Medicare needs to improve the quality of the clinical care that it buys and its cost-effectiveness so as to better meet the needs of its beneficiaries and to enable it to stay solvent. To reach these goals, financial incentives should be introduced that reward healthcare providers for excellent and efficient care throughout a patient's illness. This article examines problems with the way that Medicare now pays and the wide variation in its utilization and costs with no apparent relation to outcomes; discusses Medicare's tests of new ways to reward higher quality and/or greater efficiency; and outlines a new payment policy for Medicare that would build on these initiatives to align physicians' incentives with desired improvements in quality and efficiency. The payment strategy would move to a blended fee-for-service and case-rate system that would encourage better, more coordinated and more efficient care.
S. Taylor and D. Field (editors)
Oxford: Blackwell, 2007
The book explores the nature of sociology and sociological research and their application to health and health care. It explores the impact of current social contexts on health and healthcare and recent developments in healthcare policy and addresses their implications for nursing and inter-professional working. This fourth edition is organised in four parts: the nature of sociology and sociological research; the social patterning of health and disease; the social aspects of illness and dying; and the organisation and delivery of health care. It also examines new approaches to understanding social inequalities in health and experiences of chronic illness and dying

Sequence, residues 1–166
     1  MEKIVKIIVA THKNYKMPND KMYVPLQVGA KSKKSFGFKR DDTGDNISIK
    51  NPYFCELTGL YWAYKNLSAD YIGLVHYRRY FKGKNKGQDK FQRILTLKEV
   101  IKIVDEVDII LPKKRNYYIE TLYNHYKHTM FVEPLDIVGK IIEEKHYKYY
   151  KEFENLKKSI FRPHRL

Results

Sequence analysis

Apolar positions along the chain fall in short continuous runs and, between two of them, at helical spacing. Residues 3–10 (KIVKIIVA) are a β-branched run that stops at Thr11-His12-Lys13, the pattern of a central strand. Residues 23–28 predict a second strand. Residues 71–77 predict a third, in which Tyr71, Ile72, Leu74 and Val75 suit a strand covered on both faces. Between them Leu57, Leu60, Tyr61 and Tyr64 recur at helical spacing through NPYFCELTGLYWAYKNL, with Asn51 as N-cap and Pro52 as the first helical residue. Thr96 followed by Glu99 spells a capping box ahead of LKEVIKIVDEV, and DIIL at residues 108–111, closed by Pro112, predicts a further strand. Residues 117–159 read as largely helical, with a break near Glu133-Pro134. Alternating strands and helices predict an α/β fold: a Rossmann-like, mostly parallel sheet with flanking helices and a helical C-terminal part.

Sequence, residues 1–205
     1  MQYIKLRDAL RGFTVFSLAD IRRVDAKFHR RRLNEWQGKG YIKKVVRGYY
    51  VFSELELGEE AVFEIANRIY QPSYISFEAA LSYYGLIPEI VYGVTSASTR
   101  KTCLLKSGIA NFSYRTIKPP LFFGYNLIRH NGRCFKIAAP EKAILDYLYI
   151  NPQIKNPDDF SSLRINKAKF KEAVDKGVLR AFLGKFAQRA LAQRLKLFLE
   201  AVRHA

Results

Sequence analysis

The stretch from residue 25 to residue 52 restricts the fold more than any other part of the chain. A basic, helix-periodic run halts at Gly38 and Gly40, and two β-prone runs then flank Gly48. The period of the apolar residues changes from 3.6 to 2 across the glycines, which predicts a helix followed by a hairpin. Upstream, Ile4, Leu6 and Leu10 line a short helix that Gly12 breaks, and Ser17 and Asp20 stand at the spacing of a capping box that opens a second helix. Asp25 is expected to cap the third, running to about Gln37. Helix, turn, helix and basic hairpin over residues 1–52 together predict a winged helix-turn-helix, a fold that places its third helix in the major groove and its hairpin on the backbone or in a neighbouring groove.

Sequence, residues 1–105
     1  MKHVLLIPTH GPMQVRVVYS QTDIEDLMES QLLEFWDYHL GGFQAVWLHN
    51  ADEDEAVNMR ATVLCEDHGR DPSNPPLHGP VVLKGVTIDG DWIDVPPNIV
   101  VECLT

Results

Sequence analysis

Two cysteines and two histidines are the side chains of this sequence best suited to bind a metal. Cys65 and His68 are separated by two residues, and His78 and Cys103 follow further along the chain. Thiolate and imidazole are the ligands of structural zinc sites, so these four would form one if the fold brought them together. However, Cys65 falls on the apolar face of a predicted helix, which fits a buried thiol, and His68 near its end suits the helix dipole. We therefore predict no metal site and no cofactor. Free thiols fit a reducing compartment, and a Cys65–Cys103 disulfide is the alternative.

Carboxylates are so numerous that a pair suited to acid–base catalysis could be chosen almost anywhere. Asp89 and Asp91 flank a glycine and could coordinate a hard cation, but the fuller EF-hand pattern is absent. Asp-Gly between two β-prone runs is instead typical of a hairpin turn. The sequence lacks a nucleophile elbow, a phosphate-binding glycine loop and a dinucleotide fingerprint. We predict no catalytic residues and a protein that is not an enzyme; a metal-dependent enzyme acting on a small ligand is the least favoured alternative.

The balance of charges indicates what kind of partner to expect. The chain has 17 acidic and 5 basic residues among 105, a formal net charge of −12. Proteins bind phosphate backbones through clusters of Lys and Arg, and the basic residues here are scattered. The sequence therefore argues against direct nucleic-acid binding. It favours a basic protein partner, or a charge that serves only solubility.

A. Shmueli, J. Bendelac and L. Achdut
Health Economics, Policy and Law, vol. 2, 2007, p. 251-265
On January 1st 1995 a National Insurance Law was enacted in Israel that introduced competition on the basis of quality of service between the four national sickness funds. Israelis do not pay contributions directly to their sickness funds, so competition on price is not relevant. Health care is universal and no (explicit) risk selection is allowed. Since 1998 the sickness funds have been allowed to offer a range of supplementary insurance policies to their members which cover treatments not in the standard package. These policies have become a major service on which the funds compete. It was expected that some level of consumer mobility would be observed in the new managed market. However, since 1998 sickness funds' switching rate has been stable at around 1% of the population. The low switching rate is explained by limited real options and similarity in the sickness funds' functioning, as well as reluctance to change providers. This article aims to characterise the 1% of the population who switch sickness funds in relation to the stayers, and to examine the implications for public policy.